Monday, May 23, 2016

LCS Anti-Ship Missile

The Navy is going to “install” long range anti-ship missiles on two LCS over the next year or so for demonstration purposes (1). 

Harpoon will be installed on Coronado for demonstration during this summer’s RIMPAC 2016 exercise.

The Naval Strike Missile (NSM) will be installed on Freedom prior to its next deployment.

Certainly, long range anti-ship missiles (ASM) can only help the toothless LCS but we’re still a long way from having an actual functioning ASM.  For example, the Freedom’s NSM will not be integrated into the ship’s combat system and will only receive navigational data from the ship.

Still, it’s a step in the right direction and there is no doubt that an anti-ship missile can be integrated into the LCS.  Money, of course, is an issue but not the technology.

The real issue is targeting.  It does no good to have a ten thousand mile ASM if the ship’s sensors are limited to 20 miles.  The question, then, is where and how does the LCS receive targeting data?  That’s the part of the kill chain that the Navy has not yet worked out or tested.  Can a non-stealthy, slow P-8 penetrate enemy air/water space and survive long enough to find targets and send the data back to an LCS?  Can the F-35 find naval targets and get data back to the LCS?  Would someone actually dedicate a rare and powerful F-35 to acting like a UAV for an LCS?  Can a UAV survive in enemy air space long enough to find targets and transmit data?  Or, more likely, will the LCS find itself without off-board targeting data and have to fend for itself?

The Navy has not thought out the targeting portion of the kill chain when it talks about placing missiles on every ship in the fleet.


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(1)USNI News, “Navy to Demo Harpoon Missile on LCS at RIMPAC; NSM on USS Freedom by Next Deployment”, Megan Eckstein, May 4, 2016,


42 comments:

  1. From what I've read the Navy is relying on using 'networked targeting'. I know you'll love that.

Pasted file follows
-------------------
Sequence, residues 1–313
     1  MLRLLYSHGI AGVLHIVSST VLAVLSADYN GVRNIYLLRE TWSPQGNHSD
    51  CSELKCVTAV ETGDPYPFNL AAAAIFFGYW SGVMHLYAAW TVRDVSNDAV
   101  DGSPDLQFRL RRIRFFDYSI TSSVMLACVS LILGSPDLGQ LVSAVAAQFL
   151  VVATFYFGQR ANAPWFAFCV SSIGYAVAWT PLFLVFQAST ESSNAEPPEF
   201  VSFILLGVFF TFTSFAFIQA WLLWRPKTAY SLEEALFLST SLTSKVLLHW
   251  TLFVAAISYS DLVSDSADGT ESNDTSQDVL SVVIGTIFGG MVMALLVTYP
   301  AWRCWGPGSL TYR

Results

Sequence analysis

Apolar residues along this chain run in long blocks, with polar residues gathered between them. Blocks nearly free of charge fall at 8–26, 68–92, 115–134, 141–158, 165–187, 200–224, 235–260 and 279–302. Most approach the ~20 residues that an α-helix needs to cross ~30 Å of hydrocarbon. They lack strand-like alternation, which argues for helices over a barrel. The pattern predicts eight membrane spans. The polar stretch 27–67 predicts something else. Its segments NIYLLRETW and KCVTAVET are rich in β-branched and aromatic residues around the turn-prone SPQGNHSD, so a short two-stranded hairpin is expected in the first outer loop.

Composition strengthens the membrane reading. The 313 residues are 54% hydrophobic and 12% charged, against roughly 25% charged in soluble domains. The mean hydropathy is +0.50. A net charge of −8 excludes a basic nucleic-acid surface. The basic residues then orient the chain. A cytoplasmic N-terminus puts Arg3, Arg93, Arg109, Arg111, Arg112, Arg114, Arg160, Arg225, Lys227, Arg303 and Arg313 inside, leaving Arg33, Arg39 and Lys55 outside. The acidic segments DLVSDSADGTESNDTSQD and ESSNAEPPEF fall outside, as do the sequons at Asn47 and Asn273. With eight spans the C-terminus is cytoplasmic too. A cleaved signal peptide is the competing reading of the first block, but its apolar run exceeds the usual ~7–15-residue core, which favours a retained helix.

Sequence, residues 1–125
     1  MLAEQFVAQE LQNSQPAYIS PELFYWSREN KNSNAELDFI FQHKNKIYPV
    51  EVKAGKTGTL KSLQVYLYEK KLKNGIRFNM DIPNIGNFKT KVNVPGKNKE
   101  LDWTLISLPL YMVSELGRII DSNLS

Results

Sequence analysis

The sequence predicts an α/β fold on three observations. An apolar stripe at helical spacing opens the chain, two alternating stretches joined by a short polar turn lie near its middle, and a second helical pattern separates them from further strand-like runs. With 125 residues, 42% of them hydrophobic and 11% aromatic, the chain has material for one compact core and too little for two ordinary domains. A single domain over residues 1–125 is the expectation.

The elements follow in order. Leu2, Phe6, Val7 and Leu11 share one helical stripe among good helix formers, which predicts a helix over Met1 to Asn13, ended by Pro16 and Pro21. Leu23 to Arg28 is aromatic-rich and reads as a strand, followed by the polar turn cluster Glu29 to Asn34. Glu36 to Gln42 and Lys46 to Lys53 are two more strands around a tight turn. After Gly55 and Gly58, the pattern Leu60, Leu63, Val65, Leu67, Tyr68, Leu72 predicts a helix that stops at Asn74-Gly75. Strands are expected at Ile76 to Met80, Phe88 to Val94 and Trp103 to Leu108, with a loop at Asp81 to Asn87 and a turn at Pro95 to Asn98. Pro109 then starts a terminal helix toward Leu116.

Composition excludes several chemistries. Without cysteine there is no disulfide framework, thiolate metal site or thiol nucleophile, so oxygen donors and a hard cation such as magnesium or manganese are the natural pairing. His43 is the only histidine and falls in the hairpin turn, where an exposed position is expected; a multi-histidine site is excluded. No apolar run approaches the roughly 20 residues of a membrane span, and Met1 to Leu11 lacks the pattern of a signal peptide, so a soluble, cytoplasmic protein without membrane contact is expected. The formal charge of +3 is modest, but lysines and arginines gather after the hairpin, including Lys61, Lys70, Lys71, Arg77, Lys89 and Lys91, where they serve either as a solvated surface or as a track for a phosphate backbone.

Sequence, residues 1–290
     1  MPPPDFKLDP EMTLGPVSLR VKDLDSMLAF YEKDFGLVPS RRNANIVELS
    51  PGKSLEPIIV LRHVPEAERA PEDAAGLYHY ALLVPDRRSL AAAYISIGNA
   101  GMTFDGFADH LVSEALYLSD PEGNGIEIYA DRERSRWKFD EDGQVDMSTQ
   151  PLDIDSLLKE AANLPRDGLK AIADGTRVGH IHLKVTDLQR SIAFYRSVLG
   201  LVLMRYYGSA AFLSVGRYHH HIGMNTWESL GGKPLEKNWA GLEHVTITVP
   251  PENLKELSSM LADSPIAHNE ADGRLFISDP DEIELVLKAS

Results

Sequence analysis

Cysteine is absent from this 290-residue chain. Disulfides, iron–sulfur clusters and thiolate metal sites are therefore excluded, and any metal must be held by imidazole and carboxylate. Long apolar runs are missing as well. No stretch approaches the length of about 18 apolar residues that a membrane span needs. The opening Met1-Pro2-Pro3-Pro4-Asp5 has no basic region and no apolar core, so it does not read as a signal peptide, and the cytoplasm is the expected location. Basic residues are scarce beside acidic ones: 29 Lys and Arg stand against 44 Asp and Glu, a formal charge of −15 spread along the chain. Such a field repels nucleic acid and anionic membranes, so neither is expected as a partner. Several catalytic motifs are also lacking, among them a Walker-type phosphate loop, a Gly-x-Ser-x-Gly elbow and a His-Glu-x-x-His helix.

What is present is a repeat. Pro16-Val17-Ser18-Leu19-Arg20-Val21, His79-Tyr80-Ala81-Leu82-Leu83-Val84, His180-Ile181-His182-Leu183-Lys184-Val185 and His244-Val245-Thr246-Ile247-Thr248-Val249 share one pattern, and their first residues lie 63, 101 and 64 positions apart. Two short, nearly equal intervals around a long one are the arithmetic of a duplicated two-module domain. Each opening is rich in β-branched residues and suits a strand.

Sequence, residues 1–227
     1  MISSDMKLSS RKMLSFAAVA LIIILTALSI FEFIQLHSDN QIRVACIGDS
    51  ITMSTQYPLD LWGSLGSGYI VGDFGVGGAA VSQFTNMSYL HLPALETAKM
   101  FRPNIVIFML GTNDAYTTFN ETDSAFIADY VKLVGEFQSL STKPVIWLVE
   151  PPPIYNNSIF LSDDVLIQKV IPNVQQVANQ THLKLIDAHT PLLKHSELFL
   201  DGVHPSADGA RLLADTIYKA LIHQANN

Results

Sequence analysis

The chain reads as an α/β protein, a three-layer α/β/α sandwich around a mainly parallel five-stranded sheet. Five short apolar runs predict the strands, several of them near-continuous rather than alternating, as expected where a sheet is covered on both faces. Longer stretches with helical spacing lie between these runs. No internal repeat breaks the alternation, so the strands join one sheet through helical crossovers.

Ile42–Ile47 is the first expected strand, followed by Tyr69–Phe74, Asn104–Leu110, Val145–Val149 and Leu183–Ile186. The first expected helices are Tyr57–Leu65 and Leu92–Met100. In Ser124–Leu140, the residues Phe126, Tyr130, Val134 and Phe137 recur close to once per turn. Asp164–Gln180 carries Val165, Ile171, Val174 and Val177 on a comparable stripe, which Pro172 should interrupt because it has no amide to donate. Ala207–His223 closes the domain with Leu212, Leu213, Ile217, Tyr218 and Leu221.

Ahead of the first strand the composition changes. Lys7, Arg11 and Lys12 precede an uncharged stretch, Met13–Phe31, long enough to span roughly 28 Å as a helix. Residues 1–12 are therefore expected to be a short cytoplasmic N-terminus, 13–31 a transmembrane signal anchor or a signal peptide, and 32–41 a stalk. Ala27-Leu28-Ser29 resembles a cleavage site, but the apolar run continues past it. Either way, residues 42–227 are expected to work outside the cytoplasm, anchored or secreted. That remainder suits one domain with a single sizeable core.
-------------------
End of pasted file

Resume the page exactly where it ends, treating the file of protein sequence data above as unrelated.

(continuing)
Again, putting an anti ship missile on these things is fine. But why do we always have to do it the half....er...competent way? Again, it makes me think that the Navy doesn't really want the hassle of doing this correctly. Instead they want some 'maybe' capability, and the ability to try to quiet critics.
    To them the LCS is just fine the way it is. Lots of billets for command, and lots of hulls in the water.

    Have you read the book 'Ghost Fleet'? I heard about it on the midrats podcast and it sounds like a decent book.

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    1. How long before the first major flaw is found with this new missile?

      Everything seems to fall apart when put on the LCS so far. Targeting is a huge problem, as it will have to rely on other ships.

      Of course that means it cannot operate independently (well ok it couldn't to begin with due to its poor range), and that if the other ship is not available/disabled/taken out in combat, then it is blind.

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    2. On the plus side, both the Harpoon and NSM are fairly proven commodities so I wouldn't expect major problems. Still, as you so aptly note, this is the LCS and everything seems to go wrong with it!

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  2. Convenient that the "Kill Web" (oh dear god you guys need a new naming convention) just came out ?

    https://news.usni.org/2016/05/17/navy-set-to-deploy-new-lethal-anti-surface-tactical-cloud-later-this-year

    Apart from the awful name, the concept is essencially sound, if it integrates enough assets in a secure way.

    By secure I mean satellite driven low prob of intercept. This of course starts to make me worry about the satellites again ?

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    1. Ben, this is more of the same misguided thinking that some sort of near-magical network of sensors is going to make up for a lack of numbers and explosiveness.

      As you know, it's difficult to get industrial networks to work for more than a short while at a time. That's why we have massively staffed IT departments! To believe that not only will a massive network encompassing every sensor in an entire region (or the world!!!) work flawlessly in the face of ECM, cyber warfare, jamming, signal injection, etc. but that an enemy will ALLOW all those assets to leisurely cruise the battlespace unmolested, sending back data, is simply ludicrous.